The survey of more than 350,000 Americans found that wellbeing scores differed according to whether people were married, single, cohabiting, divorced or separated.
Married people had the highest wellbeing score with 68.8 – 2.6 points above the national average. They were followed by single people (65.0), the widowed (63.5), and cohabitees (63.3). Divorcees were found to have a lower wellbeing score (59.7), followed by separated people (55.9).
Wellbeing was measured according to six sub-indexes - life evaluation, emotional health, work environment, physical health, healthy behaviours, and access to basic necessities.
Separated Americans were lowest or joint lowest in each category, but scored especially low on life evaluation, emotional health, and access to basic necessities.
In the life evaluation, they scored 30.7 – 18 points below the national average.
Married people were the only group in the study to score above national average in each of the six sub-categories.
“Notably, they score significantly better than those living with a partner on each, specifically in the areas of access to basic necessities, healthy behaviours, work environment, and emotional health,” the report stated.
Single people had higher scores than married people in the areas of life evaluation (53.2 compared to 52) and physical health (79.7 compared to 77.8).
Divorced people were found to have slightly better scores than separated Americans in each of the six wellbeing dimensions.
The report noted: “Separated Americans may have lower scores than divorced Americans, especially on the life evaluation, emotional health, and basic access indexes because the end of their marriages may be more recent than those who are already divorced.”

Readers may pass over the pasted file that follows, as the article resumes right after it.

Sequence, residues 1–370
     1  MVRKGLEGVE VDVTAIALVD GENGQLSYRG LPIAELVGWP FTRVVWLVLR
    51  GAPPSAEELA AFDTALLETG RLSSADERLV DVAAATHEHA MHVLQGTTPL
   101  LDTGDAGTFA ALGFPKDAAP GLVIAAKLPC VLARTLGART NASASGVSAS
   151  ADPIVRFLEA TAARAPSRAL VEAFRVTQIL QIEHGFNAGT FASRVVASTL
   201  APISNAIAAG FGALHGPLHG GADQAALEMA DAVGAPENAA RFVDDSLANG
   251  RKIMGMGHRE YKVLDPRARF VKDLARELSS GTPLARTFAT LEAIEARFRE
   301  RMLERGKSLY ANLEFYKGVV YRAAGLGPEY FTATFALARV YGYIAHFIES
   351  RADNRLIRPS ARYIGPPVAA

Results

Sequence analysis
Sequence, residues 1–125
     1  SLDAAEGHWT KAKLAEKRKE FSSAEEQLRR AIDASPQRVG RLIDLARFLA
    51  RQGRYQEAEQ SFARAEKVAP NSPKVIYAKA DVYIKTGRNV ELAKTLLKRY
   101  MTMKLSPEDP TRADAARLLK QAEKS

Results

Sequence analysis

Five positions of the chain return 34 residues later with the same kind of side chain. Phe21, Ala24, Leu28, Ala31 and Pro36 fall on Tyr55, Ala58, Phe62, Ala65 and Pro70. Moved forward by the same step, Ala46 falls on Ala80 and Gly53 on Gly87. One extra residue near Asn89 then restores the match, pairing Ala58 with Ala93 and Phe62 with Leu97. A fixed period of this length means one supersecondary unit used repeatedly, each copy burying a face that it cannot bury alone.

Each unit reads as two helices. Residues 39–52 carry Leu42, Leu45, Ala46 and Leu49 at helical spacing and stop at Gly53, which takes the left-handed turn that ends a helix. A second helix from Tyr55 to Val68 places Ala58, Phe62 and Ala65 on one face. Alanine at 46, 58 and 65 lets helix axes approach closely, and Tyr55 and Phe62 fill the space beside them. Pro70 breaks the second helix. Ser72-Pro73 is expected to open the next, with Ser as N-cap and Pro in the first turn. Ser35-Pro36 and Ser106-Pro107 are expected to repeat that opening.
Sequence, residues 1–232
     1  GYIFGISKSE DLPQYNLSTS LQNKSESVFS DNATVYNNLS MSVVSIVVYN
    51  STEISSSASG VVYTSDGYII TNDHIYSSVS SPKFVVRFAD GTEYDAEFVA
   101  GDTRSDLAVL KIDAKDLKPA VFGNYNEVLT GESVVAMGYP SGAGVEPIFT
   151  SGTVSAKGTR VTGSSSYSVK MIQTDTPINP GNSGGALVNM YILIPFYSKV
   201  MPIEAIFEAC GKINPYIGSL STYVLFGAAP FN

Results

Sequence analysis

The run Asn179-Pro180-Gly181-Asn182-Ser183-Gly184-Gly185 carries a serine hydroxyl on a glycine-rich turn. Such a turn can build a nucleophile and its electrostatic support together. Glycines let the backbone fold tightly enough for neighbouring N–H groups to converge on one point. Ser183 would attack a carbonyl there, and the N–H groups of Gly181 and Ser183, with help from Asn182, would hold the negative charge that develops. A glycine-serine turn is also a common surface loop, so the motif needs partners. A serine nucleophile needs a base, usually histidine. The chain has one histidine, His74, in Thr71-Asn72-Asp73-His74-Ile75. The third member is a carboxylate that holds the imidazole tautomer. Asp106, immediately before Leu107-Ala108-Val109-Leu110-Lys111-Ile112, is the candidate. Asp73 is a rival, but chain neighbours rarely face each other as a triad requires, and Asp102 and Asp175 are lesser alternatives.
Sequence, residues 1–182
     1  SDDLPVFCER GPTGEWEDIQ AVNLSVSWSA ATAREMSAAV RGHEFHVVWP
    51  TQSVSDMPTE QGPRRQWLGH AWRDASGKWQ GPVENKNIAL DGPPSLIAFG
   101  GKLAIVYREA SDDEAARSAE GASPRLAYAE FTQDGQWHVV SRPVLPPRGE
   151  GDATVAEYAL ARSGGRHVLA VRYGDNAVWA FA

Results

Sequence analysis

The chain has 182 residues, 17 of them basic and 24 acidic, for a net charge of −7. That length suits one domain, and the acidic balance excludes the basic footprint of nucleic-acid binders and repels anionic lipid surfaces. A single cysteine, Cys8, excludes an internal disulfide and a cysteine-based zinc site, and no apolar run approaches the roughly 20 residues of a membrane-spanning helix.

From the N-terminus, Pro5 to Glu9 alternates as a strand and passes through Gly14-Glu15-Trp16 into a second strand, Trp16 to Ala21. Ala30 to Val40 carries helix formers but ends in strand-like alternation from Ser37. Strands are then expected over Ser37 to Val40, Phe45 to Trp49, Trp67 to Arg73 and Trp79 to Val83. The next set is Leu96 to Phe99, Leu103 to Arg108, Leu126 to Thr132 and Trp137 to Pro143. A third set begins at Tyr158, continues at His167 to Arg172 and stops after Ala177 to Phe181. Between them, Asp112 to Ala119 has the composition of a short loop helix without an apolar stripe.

Researchers suggested that the relatively low score for widowed people may be down to age “since older Americans generally have low life evaluation scores and predominantly make up the group of widowed people”.
The latest study supports the findings of similar research into wellbeing and marital status carried out by Gallup year on year since 2008.
In the last four years, married people have consistently topped the wellbeing index, while divorced and separated people have consistently scored far lower.
“It is possible that Americans who have higher wellbeing are more likely to choose marriage than those with lower wellbeing, or that some third variable - such as religiosity or age - could be related to both higher wellbeing and one's likelihood of being married,” said the report.
“Clearly, marriage has economic benefits and ending a marriage can have serious economic consequences, which helps explain part of the gap in wellbeing by marital status.
“Marriage also brings companionship, emotional support, and partnership in dealing with life's ups and downs that can foster a higher level of personal wellbeing.
“Social interaction is inherently part of marriage, and Gallup analyses have clearly shown that time spent socially and social networks themselves are positively associated with high wellbeing.”